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Archive for March, 2007

Fellowships of Addiction

<br /> FellowshipAdd.txt copy<br /> ©2007, Jack Trimpey, all rights reserved.

In the handout materials for AVRT: The Course, is a sheet titled, “Guidelines,” which sets some ground rules for the four-day trek to AVRT-based recovery. Item 3 is:

3. You will probably enjoy the company of the other participants. However, this is not a good place to form relationships. At the onset, you have nothing in common with the other participants but the love of addictive pleasures and a history of bad judgment. I will discourage some kinds of interaction.

Some are uneasy with this notice, particularly the ones who have had substantial exposure to recovery groups, substance abuse counseling, and addiction treatment services. I always explain that AVRT: The Course is not addiction treatment, nor a kind of counseling or therapy, and that I am neither interested in hearing about the problems caused by addiction, nor in hearing about anyone’s personal or social background. I explain that everyone present has suffered greatly, inflicted suffering on others. I make the sweeping assumption that all participants are currently depressed because of the direct effects of alcohol and other drugs, and because of the depressing situations that always attend addiction.

I suggest that AVRT: The Course is more like an algebra class, although the subject matter is considerably simpler and easier to learn. Because learning AVRT® is an individual, sink-or-swim responsibility, compassionate comments, supportive statements, and empathetic helping are inappropriate, just as in algebra class.

Occasionally, a magnetic fascination develops among certain participants. They tend to sit together, seek eye contact with each other, and make sidelong comments to each other during the presentation. They are quite supportive of each other, coming to quick agreement on elusive issues while others continue to struggle. They are also quite defensive of each other when called on a point of learning. Ignoring my advice, they exchange email addresses and phone numbers, and make plans to stay in touch even though they have no good reason whatsoever to get in touch.

Fellowship of the Beast
This unwarranted familiarity and loyalty is a fellowship of addiction, a spontaneous meeting of minds among substance abusers who share a common life agenda, common beliefs, and common values. AA is a fellowship of addiction spawned by its currently-addicted founders, Bill Wilson and Bob Smith. If there were no such thing as AA, addicted people such as these would still discover each other, share fellowship with each other, have similar beliefs and values concerning substance abuse, defend each other against common standards of decency and moral conduct.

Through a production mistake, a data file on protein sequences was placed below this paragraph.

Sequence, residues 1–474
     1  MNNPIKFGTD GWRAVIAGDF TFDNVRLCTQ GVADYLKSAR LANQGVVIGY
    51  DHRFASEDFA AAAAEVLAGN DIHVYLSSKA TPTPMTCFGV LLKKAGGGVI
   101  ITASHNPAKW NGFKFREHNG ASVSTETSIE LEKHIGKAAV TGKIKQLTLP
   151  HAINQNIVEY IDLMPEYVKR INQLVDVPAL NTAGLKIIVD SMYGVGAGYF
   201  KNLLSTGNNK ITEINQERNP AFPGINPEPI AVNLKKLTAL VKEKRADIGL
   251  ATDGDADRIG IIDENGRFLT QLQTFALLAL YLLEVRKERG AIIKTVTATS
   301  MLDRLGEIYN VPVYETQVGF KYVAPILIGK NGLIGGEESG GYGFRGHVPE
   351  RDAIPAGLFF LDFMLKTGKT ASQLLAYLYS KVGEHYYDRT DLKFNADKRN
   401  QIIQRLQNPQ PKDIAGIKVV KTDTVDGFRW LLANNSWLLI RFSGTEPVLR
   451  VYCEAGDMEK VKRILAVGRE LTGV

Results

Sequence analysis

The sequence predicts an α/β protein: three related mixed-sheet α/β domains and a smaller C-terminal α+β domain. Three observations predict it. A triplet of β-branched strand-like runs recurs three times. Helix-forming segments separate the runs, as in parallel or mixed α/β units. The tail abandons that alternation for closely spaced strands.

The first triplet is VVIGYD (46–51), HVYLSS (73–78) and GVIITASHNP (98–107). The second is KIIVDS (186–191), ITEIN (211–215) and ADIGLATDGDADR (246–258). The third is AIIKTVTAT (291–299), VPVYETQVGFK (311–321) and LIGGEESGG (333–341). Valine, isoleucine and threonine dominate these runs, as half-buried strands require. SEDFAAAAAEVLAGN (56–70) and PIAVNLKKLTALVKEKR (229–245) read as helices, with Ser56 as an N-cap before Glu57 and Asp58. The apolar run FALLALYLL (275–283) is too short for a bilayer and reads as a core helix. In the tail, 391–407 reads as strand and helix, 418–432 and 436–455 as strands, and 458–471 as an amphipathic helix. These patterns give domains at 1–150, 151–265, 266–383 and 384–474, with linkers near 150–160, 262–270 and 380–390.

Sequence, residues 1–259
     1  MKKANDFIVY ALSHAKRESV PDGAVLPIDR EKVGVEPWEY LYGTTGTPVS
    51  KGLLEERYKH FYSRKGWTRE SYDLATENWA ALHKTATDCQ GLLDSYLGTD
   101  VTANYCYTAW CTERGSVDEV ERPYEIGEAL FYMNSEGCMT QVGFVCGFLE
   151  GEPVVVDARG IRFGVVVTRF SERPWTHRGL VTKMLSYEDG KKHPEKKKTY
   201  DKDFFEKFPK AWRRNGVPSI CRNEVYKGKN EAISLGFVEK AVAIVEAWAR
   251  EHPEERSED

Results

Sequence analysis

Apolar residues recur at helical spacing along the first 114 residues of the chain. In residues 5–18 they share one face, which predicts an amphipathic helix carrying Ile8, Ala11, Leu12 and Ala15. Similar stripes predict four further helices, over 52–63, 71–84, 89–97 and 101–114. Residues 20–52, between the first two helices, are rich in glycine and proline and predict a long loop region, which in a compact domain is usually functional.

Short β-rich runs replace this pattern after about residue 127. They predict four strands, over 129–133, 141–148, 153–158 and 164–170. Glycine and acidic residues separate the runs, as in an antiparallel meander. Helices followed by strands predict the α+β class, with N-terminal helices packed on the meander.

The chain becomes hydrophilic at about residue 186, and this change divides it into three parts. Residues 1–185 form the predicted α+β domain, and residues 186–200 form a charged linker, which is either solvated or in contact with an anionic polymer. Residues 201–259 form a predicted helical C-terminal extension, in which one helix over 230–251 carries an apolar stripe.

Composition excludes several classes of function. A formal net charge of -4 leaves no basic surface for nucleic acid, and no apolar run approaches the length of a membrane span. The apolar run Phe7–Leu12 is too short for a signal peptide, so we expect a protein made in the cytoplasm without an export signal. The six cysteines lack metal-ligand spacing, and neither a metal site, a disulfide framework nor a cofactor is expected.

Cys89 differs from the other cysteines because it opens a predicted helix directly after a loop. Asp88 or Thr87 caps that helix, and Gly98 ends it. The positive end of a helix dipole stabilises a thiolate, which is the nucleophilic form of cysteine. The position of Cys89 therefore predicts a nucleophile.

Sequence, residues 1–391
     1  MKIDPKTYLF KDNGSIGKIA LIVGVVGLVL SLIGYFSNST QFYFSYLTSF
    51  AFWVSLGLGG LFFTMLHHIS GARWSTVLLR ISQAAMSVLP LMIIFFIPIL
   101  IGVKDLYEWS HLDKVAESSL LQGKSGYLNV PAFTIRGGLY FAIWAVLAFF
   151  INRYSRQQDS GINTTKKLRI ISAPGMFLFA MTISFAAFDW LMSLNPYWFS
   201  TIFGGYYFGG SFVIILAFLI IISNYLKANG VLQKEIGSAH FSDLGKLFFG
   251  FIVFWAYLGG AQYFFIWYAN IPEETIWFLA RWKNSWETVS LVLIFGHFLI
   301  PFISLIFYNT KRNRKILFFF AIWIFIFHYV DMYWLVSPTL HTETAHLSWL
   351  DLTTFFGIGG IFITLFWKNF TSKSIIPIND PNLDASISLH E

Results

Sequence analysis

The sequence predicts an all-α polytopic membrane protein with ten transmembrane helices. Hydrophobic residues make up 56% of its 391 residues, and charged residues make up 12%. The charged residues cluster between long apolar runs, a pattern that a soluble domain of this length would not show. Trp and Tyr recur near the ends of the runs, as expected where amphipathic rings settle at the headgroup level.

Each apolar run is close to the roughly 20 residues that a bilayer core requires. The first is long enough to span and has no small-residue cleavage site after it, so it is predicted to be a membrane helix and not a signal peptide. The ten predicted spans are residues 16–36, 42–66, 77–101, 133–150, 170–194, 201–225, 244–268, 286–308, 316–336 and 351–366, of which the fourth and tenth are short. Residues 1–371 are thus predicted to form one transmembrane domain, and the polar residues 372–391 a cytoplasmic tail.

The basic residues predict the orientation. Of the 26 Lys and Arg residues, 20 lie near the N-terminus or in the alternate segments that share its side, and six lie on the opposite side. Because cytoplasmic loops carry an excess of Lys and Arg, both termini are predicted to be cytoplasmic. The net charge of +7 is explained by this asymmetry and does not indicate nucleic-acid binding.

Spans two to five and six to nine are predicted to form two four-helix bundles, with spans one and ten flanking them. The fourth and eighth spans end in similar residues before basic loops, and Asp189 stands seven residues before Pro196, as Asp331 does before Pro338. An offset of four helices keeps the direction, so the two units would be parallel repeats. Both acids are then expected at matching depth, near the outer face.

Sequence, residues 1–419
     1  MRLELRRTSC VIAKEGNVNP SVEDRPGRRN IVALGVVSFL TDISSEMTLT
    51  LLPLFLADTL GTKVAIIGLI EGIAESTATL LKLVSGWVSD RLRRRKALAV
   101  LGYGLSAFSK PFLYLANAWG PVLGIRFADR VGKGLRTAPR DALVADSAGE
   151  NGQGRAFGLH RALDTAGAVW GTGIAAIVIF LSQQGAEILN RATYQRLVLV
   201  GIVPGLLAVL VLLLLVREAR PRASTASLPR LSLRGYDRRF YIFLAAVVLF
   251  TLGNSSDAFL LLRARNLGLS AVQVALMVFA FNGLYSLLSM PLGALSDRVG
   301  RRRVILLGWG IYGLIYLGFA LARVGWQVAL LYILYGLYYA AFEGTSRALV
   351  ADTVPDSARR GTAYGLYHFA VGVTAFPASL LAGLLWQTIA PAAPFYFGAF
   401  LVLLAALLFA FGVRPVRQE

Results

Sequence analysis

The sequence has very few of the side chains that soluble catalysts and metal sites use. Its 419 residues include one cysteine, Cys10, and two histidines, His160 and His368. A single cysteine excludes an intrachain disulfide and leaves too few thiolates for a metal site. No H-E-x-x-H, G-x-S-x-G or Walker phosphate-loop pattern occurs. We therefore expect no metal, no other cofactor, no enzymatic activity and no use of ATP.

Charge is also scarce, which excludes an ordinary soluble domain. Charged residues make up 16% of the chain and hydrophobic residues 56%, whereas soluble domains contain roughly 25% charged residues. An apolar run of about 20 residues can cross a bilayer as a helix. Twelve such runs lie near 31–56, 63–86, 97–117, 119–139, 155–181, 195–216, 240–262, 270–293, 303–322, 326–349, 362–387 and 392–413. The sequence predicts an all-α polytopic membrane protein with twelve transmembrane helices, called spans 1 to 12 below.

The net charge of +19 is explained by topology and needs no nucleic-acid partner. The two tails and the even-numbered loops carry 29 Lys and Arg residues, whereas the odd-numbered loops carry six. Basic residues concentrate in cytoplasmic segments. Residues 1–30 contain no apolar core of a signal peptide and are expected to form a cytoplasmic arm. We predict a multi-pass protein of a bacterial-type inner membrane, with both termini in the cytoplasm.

The camaraderie of addicted people, coupled with their circle-the-wagons defense against the civilized world is nicely summed up by notorious imbiber, W. C. Fields, “Never trust a man who doesn’t drink.” Mimicking Jesus, Bill Wilson stated more doctrinally, “Any two or three alcoholics gathered together for sobriety may call themselves an AA group.” However, I say that when two or more substance abusers get together, especially after dark, they’re up to no good.

Heavy drinkers and other substance abusers enjoy a rare kind of camaraderie, which Bill Wilson called the “herd mentality.” They tend to view each other’s shortcomings with gentle understanding, and are quick to forgive each other’s offenses. They are united on certain principles, such as that self-intoxication is not a moral issue at all, that there are many causes of excessive self-intoxication, and that one can never be sure one won’t resume self-intoxication under certain, “perfect” conditions.

The social gravity between addicted people holds true even when addicted people are making great efforts, at significant personal expense, to defeat their addiction, such as when they register for AVRT: The Course. In addiction treatment, the natural cohesiveness of addicted people is idealized and regarded as therapeutic. In AVRT-based recovery, however, it is identified as mingling of Beasts, the joining together in fellowships of addiction, without awareness of the pathological tie that binds them together.

Such is the case in Alcoholics Anonymous! I have named AA the Fellowship of the Beast because it is a gathering of addicted people who have Continue reading ‘Fellowships of Addiction’

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